Ruth Evans’ Methods in Motion blogpost shows how an approach of ‘uncomfortable reflexivity’ can help to reveal the work of emotions in cross-cultural research. Thanks to the Centre for Citizenship, Identities and Governance, The Open University, for publishing this edited version of our original blogpost.
Ruth Evans gave a very well received keynote at the New Social Dynamics in Senegal workshop organised by Aurélien Baroiller, Boubacar Barry & Hannah Hoechner, at Université Libre de Bruxelles, Brussels (13-14 March 2017). Her presentation, “Your tears are like pouring hot water on the body”: Caring for the dead and responses to a family death in urban Senegal, explored the social regulation of grief and how care for the dead is expressed. The workshop provided an opportunity to connect with other academics and researchers working in Senegal and think how best to continue the dialogue in future.
Ruth Evans was pleased to speak at the recent workshop Towards an Anthropology of Grief organised by Aurélien Baroiller, Laboratoire d’Anthropologie des Mondes Contemporains, Université Libre de Bruxelles, Brussels, Belgium (8-9 March 2017). Ruth’s paper explored the paradox of absence-presence and the importance of time-space practices in understanding continuing care of the dead in urban Senegal. It was an excellent opportunity to discuss the research findings with anthropologists of grief working in diverse contexts globally.
In our latest article in Mortality, we discuss the complex process of translating and interpreting ‘grief’ and emotions in multilingual, cross-cultural settings. Our research in urban Senegal demonstrates the importance of involving interpreters and field researchers throughout the research process. This enabled us to gain insight into the cultural nuances of indigenous languages and how these are translated and potentially re-framed in the process.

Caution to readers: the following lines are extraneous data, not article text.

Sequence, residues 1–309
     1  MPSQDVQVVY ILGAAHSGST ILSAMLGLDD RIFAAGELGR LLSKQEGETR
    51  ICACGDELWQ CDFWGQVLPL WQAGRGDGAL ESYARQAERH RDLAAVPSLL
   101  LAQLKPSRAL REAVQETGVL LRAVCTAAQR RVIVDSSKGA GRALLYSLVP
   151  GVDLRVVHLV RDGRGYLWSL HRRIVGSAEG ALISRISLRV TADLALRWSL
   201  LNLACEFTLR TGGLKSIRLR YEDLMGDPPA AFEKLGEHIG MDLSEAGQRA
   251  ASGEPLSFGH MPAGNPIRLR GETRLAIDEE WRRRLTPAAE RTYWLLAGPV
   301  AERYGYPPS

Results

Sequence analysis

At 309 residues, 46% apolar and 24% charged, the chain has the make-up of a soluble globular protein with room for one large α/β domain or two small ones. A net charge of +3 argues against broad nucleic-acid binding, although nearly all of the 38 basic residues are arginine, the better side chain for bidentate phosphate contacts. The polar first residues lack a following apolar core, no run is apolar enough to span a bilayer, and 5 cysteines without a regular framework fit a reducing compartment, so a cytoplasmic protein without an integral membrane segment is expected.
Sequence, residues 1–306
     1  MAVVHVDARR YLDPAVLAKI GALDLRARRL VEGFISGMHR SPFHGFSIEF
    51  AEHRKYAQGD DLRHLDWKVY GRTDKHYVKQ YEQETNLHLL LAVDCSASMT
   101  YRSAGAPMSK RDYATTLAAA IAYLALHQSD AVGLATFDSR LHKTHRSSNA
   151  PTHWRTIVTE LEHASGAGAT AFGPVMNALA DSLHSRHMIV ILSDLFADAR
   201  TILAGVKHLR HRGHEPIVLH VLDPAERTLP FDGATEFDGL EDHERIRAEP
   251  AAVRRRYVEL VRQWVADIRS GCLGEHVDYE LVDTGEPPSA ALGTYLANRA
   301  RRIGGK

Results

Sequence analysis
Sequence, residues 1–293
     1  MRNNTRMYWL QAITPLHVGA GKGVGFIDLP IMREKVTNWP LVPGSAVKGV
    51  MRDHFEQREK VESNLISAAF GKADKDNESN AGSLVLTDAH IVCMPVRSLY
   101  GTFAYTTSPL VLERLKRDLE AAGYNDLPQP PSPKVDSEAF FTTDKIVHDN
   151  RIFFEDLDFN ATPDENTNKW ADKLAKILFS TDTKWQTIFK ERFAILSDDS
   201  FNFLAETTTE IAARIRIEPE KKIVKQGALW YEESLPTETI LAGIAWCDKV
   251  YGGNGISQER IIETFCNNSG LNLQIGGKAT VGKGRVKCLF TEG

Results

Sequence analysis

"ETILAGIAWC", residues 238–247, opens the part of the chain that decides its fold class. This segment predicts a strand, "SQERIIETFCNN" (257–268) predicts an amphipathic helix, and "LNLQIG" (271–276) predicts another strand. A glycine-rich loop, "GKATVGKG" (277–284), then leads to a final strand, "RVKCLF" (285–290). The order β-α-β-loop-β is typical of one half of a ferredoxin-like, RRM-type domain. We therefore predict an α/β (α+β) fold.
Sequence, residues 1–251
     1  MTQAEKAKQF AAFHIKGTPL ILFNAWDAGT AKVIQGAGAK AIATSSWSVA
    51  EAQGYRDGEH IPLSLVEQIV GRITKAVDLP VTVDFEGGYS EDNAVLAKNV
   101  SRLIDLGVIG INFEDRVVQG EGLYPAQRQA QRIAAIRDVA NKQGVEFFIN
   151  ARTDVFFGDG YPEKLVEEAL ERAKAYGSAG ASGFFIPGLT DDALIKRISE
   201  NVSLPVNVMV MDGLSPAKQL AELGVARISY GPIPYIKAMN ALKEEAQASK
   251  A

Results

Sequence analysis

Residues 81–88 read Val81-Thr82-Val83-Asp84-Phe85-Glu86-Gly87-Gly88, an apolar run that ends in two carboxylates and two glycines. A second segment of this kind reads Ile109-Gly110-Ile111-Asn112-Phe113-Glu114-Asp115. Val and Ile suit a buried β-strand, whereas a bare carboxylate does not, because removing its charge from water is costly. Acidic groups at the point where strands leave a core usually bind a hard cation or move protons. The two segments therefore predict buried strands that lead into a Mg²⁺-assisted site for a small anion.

Read the full post here.
Although my work was based in the UK for many years, more recently I have welcomed opportunities to research aspects of children’s lives in China, and family experiences of death in Senegal. In these projects, I’m driven by the need to step outside the perspectives of the minority, affluent worlds in which I live, to find out what it is ‘we’/I don’t know. Knowledge needs to be diverse and flexible – while remaining robust – if it is to become something really useful in a complex and often intolerant world in which globalisation and technology increasingly compress time and space, bringing diversities into sharp relief with major human consequences.
Yet short-term qualitative research falls painfully short of the anthropological gold standard of studying diverse peoples by learning new languages and immersing oneself in the field. Researching ‘abroad’ has involved steep learning curves. I have relied heavily on team-working with Chinese and Senegalese academics and with UK researchers already familiar with these contexts. The careful focus on the details of constructing our research has been crucial, alongside an awareness of broader power structures and dynamics that impinge on our work”.
Read the full version of Jane’s Methods in Motion blogpost…